Robert (RBESRQ), how is it selfish that my youngest was doing 6th grade math at a 2nd grade age or, was reading highschool level at a 3rd grade age? How do children in families (especially with siblings) miss learning about heart break? Can children learn about bullies without being personally beat up and still grow from it? Of course they can. Ethics? I guess you truly are an Atheist. Only an Atheist would say you must be trained in ethics to be able to teach it. (does that mean you you were professionally trained in kindness?) My religious teachings to my child address ethics, as includes by way of very terse example: "Ye have heard that it hath been said, Thou shalt love thy neighbour, and hate thine enemy. But I say unto you, Love your enemies, bless them that curse you, do good to them that hate you, and pray for them which despitefully use you, and persecute you; That ye may be the children of your Father which is in heaven: for he maketh his sun to rise on the evil and on the good, and sendeth rain on the just and on the unjust. For if ye love them which love you, what reward have ye? do not even the publicans the same? And if ye salute your brethren only? what do ye more [than others]? do not even the publicans so?" (Jesus, found in Matthew 5: 43-47) I've ben a home schooler for a long time, been associated with many different related associations and groups and have not found 1 home schooler that excludes their children from the wonderful experience of learning with other children. For another very terse example: I used Boy Scout merit badges as starting points of learning topics. Not only did my boys know more about the topic than anybody but, they got practical association with all facets of society and the other boys. One of my children was ranked nationally in an Olympic event - a lot of association there, learning from kids all over the world. My children help at food banks, disaster relief efforts, the elderly's places of abode, etc. I have not had the time or wherewithal to do as much with or for my children as I would like or, as I've seen others do. Each family does what it can. Archer's statement was very good and addressed that very point. How is any of that selfish???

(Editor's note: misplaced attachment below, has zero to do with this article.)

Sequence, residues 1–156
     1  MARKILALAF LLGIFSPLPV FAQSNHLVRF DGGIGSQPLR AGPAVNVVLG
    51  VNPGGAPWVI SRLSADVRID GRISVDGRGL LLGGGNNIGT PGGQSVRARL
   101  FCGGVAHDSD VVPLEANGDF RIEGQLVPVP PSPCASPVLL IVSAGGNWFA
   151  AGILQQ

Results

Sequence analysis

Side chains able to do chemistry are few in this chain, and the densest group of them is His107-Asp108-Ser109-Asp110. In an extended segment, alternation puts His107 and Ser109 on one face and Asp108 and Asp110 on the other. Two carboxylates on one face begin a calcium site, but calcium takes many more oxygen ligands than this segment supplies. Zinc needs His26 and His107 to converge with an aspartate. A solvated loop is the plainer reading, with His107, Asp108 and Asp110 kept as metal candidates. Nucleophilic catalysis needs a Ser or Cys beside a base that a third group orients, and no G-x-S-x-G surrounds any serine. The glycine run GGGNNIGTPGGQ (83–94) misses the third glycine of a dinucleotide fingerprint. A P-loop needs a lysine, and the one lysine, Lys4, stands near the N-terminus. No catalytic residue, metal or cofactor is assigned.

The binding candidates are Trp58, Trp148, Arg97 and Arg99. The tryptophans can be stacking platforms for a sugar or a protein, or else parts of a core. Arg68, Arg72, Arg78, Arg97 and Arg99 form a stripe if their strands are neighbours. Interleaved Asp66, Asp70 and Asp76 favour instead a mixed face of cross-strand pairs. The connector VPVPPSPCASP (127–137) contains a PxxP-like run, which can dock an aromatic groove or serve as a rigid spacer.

E Archer, NYC